Between 17,000 years ago and 7000 years ago, at the end of the last Ice Age, terrible things happened to the world our ancestors lived in. Great ice caps over northern Europe and north America melted down, huge floods ripped across the earth, sea-level rose by more than 100 metres, and about 25 million square kilometres of formerly habitable lands were swallowed up by the waves.
Marine archaeology has been possible as a scholarly discipline for about 50 years - since the introduction of scuba. In that time, according to Nick Flemming, the doyen of British marine archaeology, only 500 submerged sites have been found worldwide containing the remains of any form of man-made structure or of lithic artefacts. Of these sites only 100 - that's 100 in the whole world! - are more than 3000 years old.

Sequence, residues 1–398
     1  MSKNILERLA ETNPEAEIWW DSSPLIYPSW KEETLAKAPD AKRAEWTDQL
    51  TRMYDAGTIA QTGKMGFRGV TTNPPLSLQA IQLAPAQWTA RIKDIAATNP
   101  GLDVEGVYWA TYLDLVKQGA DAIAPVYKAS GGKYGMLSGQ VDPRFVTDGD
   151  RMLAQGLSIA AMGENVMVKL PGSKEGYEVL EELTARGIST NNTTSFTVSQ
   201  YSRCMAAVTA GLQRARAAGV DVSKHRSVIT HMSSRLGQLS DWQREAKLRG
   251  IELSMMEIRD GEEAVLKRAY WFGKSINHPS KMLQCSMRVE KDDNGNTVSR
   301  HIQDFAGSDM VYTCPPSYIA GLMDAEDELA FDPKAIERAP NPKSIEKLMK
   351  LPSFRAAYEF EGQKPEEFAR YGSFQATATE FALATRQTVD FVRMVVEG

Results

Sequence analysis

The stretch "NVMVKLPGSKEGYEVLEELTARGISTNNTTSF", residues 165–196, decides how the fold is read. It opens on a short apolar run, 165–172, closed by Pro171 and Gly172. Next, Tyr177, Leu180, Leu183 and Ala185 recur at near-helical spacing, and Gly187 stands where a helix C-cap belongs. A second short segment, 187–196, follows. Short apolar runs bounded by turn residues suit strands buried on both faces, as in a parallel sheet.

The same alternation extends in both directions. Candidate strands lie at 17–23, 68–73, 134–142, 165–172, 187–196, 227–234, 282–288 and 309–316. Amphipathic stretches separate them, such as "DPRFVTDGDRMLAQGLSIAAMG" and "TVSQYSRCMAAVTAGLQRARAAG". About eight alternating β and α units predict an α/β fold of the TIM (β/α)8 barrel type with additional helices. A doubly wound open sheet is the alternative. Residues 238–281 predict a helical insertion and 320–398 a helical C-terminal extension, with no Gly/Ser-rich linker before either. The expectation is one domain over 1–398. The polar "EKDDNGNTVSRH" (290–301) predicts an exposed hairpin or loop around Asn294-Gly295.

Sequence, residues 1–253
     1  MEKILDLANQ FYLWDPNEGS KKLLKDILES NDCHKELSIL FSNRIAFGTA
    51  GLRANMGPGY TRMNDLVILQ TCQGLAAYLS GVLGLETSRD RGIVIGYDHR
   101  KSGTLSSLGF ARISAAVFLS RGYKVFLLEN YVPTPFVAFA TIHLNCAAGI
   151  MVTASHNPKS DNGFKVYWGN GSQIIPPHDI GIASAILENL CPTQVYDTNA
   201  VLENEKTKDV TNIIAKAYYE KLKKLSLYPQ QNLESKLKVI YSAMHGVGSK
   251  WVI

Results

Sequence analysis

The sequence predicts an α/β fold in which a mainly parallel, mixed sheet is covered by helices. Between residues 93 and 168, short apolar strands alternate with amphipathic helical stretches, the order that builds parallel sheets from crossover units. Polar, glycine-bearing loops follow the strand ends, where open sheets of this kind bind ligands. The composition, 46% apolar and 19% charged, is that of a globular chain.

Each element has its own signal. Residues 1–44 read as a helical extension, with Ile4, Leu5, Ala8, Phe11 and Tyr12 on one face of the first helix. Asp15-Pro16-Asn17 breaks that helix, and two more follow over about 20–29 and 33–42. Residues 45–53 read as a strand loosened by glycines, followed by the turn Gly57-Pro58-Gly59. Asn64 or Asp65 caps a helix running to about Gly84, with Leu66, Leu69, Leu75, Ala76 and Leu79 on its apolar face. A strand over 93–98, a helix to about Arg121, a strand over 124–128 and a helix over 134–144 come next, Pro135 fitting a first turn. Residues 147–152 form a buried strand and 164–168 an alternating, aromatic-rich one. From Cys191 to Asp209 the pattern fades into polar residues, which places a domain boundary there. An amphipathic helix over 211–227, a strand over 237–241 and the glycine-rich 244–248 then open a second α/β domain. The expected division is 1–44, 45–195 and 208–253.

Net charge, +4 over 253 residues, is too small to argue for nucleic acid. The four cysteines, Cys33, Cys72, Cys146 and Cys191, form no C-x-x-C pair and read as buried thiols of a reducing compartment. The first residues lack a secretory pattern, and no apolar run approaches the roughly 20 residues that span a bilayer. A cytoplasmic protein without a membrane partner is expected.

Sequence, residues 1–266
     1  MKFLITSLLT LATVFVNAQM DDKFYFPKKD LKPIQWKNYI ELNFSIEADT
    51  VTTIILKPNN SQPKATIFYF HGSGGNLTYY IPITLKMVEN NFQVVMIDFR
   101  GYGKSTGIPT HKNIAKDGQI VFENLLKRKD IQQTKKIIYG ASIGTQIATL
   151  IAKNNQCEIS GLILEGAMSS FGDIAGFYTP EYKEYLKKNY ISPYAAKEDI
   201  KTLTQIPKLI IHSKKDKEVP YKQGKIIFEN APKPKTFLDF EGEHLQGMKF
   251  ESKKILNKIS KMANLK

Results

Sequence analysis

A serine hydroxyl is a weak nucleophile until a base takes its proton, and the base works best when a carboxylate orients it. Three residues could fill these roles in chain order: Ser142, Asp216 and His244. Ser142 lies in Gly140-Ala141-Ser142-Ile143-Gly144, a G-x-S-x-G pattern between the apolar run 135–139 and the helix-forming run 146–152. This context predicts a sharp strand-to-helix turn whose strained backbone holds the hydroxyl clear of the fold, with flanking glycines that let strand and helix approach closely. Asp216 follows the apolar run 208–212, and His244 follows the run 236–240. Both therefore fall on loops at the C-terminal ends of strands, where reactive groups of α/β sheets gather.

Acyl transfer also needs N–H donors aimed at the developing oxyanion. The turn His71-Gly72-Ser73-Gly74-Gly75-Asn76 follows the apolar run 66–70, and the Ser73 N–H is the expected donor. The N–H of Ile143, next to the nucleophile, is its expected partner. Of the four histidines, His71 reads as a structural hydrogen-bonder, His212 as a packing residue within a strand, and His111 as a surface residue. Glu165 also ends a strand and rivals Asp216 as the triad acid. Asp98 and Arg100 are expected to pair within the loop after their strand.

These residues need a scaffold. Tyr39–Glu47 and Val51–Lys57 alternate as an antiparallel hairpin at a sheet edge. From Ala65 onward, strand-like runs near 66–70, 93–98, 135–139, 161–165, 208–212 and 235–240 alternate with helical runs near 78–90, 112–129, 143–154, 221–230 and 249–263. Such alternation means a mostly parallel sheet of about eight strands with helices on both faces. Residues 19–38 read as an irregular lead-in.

This is not because of a shortage of potential sites. It is at least partly because a large share of the limited funds available for marine archaeology goes into the discovery and excavation of shipwrecks. This leaves a shortage of diving archaeologists interested in underwater structures and a shortage of money to pay for the extremely expensive business of searching - possibly fruitlessly - for very ancient, eroded, silt-covered ruins at great depths under water. Moreover, with the recent exception of Bob Ballard's survey of the Black Sea for the National Geographic Society, marine archaeology has simply not concerned itself with the possibility that the post-glacial floods might in any way be connected to the problem of the rise of civilisations.